By Scott Prater
Today’s parents have a distinct advantage when it comes to keeping track of their children. Advances in technology make reaching family members a mere text or phone call away. But as technology improves communication, it can also detract from meaningful communication. Yesterday’s parents never had to compete with a computer or smartphone screen for their children’s attention.
Good communication is crucial to good parenting, one topic addressed during Active Parenting, a class to be hosted by the Airman and Family Readiness Center here Friday.
“There can be negative ramifications to today’s connectivity,” said Capt. Dawn Scovel, 21st Medical Operations Squadron, family advocacy chief. “For example, how many times has a parent used these devices to distract themselves from communicating with their children? And, when will a child stop coming to their parent with ‘important things’ because they know they are not being heard.”
Parents have an opportunity to set a good example for their children by turning off their cell phones and computers. Scovel even recommends that families dedicate quiet time where no electronic equipment is present, allowing families to connect on a more personal level.
Eliminating distractions becomes vital during the communication process because tone of voice and nonverbal gestures are important attributes to the information being relayed, explained Christina Stump, community readiness consultant.
Stump and Schriever’s Military Family Life Consultant will facilitate the class and help parents discover not only their communication style, but their parenting style, while teaching the importance of building character, independence and courage in their young ones.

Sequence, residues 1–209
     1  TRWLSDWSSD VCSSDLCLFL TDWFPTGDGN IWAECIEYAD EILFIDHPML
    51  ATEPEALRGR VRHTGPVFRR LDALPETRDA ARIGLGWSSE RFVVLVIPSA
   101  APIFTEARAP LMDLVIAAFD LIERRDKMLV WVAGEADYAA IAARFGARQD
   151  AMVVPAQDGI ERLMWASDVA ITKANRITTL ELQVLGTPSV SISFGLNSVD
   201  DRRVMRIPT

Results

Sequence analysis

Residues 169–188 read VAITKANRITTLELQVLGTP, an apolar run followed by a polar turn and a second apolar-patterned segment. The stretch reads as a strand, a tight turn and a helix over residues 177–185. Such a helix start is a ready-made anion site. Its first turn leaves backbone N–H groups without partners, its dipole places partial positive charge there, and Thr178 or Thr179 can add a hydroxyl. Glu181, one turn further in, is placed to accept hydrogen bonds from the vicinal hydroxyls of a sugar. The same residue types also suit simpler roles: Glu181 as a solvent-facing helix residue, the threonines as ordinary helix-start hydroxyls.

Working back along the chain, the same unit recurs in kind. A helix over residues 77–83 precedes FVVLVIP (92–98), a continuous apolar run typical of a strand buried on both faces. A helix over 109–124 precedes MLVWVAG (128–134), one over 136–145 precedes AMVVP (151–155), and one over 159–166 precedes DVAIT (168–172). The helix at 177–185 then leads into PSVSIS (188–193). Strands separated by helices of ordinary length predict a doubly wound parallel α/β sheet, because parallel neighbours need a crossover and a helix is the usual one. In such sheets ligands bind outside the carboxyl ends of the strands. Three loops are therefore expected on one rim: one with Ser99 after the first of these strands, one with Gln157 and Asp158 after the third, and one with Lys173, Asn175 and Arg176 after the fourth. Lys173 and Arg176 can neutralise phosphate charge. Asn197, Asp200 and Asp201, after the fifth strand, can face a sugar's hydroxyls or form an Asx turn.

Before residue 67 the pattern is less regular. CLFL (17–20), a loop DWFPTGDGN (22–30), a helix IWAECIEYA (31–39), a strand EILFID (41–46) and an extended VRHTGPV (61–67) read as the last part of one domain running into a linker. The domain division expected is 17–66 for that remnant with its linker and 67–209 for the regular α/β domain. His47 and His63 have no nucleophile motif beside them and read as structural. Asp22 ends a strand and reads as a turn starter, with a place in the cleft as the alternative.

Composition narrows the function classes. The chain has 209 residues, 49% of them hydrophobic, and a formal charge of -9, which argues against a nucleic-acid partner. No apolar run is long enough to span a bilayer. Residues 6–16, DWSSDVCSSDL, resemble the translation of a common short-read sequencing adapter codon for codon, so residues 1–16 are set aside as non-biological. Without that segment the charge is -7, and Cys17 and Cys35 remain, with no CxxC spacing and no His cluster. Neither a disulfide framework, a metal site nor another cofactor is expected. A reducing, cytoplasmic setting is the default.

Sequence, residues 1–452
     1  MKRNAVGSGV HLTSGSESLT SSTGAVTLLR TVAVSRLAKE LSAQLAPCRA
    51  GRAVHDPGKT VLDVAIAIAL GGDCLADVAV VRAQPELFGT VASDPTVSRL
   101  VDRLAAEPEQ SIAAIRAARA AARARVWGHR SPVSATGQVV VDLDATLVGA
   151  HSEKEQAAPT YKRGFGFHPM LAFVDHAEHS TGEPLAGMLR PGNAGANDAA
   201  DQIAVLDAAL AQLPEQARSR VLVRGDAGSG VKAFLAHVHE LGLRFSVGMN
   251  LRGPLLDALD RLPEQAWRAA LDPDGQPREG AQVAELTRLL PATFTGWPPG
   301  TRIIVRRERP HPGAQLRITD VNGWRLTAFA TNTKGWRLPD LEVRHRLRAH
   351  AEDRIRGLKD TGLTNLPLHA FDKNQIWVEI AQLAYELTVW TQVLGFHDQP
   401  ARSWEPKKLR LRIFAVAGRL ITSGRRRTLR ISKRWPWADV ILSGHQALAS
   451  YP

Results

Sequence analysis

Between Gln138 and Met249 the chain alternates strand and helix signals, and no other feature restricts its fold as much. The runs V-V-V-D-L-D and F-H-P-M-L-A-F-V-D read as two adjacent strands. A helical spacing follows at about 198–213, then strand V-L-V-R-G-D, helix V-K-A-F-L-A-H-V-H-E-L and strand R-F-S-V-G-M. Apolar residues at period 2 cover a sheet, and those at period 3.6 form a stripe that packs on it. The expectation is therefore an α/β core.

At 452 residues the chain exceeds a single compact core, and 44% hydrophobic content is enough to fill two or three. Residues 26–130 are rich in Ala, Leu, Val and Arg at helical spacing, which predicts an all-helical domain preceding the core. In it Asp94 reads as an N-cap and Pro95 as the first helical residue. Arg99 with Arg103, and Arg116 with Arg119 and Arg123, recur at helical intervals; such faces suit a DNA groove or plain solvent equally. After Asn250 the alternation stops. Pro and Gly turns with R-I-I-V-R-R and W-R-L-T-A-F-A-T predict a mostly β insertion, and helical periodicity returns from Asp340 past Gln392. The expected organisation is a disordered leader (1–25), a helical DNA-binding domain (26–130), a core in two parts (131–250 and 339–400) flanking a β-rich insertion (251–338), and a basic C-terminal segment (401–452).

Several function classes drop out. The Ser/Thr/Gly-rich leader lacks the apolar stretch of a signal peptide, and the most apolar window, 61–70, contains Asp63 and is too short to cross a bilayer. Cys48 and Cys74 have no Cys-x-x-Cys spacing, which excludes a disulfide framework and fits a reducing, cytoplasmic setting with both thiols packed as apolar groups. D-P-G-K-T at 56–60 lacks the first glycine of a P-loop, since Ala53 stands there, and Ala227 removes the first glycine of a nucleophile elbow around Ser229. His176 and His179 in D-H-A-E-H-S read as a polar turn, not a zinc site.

“Parents should understand their parenting style,” Stump said. “Do they follow their parents’ lead or are they intentionally choosing a different style. Generally, people fall into three categories, depending on the level of limits they set and the amount of freedom they choose to give their kids: autocratic, permissive and authoritarian. Autocratic parenting is dictatorial, where parents make limits but don’t allow freedoms, permissive parenting is where parents give lots of freedoms but don’t set any limits and authoritarian parents are those who provide freedoms within limits.”
According to the class facilitators, setting limits and awarding freedoms allows children to grow and learn on their own, which in turn, helps them build personal character. Parents should also strive to help their children build self-esteem, the opinion they have of themselves, and their capability to tackle life’s challenges.”
Stump closes the character-building segment of the class by addressing the idea of responsibility.
“Responsibility is about making decisions and accepting the consequences of those decisions,” she said. “Children have to be prepared to make responsible choices for themselves because they are faced with so many critical decisions at young ages, such as those that involve alcohol or drugs.”
The idea here is that if parents provide choices for their children whenever possible, then children gain practice and experience in making decisions that come with consequences.
“If you give them small choices every day, then they start to become independent so they can make smart choices themselves,” Stump said. “Providing choices also helps parents avoid power struggles with their kids. Giving your kids a choice instead of just making a demand allows your children to feel empowered, respected and respectful.”
“Active Parenting” takes place from 1 to 3 p.m. this Friday. Contact the A&FRC to sign up at 567-3920.